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Date of Award


Document Type

Campus Access Dissertation

Degree Name

Doctor of Philosophy in Geological Engineering (PhD)

Administrative Home Department

Department of Geological and Mining Engineering and Sciences

Advisor 1

Thomas Oommen

Committee Member 1

Yan Lavallée

Committee Member 2

Zhong Lu

Committee Member 3

Greg Waite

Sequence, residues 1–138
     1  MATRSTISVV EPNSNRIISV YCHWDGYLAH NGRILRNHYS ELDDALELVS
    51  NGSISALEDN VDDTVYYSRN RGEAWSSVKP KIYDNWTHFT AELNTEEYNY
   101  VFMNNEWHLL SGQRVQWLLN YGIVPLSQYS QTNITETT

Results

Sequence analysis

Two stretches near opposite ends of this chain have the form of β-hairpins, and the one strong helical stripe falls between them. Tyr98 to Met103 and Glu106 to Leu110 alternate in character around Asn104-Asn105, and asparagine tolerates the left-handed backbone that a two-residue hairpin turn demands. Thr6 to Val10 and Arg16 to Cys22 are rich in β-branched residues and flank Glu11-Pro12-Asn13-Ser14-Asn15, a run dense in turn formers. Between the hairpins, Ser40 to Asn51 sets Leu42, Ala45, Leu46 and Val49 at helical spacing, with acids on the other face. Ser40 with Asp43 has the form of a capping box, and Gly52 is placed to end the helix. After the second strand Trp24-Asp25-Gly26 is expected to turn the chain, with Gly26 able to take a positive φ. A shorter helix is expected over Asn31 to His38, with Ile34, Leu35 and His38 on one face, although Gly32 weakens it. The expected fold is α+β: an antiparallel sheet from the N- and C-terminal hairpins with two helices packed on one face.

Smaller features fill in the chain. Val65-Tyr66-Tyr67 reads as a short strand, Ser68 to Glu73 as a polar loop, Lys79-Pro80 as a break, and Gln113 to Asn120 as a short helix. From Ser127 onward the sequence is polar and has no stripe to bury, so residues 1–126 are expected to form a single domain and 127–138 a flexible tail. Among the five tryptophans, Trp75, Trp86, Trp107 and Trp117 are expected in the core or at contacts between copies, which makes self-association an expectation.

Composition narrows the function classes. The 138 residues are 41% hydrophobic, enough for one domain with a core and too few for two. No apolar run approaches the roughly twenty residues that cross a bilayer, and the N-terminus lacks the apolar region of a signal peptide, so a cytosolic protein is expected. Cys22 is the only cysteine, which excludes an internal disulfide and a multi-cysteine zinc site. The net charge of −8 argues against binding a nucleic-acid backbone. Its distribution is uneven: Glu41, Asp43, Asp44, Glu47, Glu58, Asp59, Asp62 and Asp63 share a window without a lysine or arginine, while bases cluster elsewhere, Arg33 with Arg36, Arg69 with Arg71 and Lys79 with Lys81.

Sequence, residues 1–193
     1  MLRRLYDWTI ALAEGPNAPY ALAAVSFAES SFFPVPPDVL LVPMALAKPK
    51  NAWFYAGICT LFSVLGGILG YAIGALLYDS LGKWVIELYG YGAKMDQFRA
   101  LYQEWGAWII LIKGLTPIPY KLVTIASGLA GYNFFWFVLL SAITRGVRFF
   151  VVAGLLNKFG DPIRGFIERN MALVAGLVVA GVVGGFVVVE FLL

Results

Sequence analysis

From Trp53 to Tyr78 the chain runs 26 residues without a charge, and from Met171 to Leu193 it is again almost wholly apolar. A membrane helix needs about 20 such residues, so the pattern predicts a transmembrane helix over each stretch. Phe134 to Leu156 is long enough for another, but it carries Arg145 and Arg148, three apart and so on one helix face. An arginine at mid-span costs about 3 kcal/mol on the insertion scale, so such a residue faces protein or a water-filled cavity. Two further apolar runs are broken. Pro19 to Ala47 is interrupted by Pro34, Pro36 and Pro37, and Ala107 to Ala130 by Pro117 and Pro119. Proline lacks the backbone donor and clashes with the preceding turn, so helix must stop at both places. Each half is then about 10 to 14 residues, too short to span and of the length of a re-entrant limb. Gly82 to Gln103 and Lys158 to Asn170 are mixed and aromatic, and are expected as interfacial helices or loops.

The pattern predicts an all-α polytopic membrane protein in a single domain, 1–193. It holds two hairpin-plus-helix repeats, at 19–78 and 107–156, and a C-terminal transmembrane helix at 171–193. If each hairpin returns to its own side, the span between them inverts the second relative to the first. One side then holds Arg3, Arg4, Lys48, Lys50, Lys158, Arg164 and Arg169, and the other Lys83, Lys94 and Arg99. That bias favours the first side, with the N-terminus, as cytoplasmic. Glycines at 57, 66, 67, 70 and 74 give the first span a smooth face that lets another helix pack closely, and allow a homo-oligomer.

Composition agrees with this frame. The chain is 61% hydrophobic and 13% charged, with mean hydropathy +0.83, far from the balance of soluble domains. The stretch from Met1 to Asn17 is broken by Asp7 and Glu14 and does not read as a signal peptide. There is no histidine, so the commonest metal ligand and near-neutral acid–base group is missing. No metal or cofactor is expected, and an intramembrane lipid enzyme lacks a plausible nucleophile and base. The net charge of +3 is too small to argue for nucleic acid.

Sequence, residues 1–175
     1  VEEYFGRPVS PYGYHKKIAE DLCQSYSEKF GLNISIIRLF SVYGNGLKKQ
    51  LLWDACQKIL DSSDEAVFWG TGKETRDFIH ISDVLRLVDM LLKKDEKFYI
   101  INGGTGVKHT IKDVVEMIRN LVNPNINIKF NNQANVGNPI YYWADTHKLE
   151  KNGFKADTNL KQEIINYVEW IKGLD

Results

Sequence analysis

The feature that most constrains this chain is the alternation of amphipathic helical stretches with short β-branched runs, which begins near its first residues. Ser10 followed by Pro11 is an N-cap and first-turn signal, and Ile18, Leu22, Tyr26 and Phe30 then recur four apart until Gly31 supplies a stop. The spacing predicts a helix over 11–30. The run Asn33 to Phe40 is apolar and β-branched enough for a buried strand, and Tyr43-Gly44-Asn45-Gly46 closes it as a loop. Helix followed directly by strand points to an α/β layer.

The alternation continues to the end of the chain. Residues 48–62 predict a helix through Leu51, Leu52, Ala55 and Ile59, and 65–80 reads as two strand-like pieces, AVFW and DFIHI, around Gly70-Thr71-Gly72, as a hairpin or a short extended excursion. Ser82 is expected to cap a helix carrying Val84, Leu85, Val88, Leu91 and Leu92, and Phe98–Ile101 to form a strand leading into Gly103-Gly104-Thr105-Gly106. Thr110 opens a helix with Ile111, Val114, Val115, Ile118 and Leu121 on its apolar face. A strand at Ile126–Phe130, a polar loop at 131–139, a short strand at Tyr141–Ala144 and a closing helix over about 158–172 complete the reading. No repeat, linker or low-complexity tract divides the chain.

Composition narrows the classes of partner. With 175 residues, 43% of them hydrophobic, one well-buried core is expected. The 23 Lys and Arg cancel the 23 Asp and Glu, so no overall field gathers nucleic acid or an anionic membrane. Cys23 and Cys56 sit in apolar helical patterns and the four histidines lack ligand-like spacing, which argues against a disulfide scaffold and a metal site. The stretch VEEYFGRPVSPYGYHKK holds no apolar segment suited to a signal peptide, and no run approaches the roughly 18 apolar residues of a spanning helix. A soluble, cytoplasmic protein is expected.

Massive flank failure is a fairly common process in the evolution of volcanoes, having occurred at over 400 volcanoes worldwide. However, such events are infrequent relative to other volcanic phenomena, making observations and records of collapse events rare. Moreover, deformation measurements indicative of instability can be the complex result of both dynamic processes and the composition and morphology of the edifice. Hence, the processes and conditions that initiate, propagate, and arrest volcanic landslides are poorly understood. This work combines field studies, laboratory experiments, remote sensing, and numerical modeling to measure and interpret deformation events at the active Pacaya Volcano in Guatemala. Interferometric synthetic aperture radar (InSAR) measurements reveal that during eruptions in May of 2010, the west and southwest flank of the edifice experienced large, discrete landsliding that was ultimately aborted. The movement is distinctive in both the magnitude and spatial extent of the slide, being the largest slope displacement (~4 m) recorded at a volcano that did not result in a catastrophic debris avalanche such as the 1980 event at Mount St. Helens. 3-D displacements derived from pixel offset tracking techniques indicate that the majority of the cone, rebuilt from a previous flank collapse, moved downslope along a complex failure surface involving both rotational and along-slope movement. Notably, the lack of continuous movement of the sliding area in the years leading up to, and after the event emphasizes that active spreading should not always be expected at volcanoes for which triggering factors (e.g. magmatic intrusions and eruptions) could precipitate sudden major flank instability. Laboratory analysis of rock collected from Pacaya under volcano-specific events such as cyclical stressing, thermal stressing, and high temperature reveal different process-specific behaviors that could influence numerical hazard analyses of slope stability and deformation models. Understanding the nature and mechanics of this slope instability is critical for the estimated 35,000 people that may be affected in the event of a catastrophic flank collapse. Continued efforts such as those described in this dissertation can help to anticipate and mitigate what is arguably a collapsing volcano.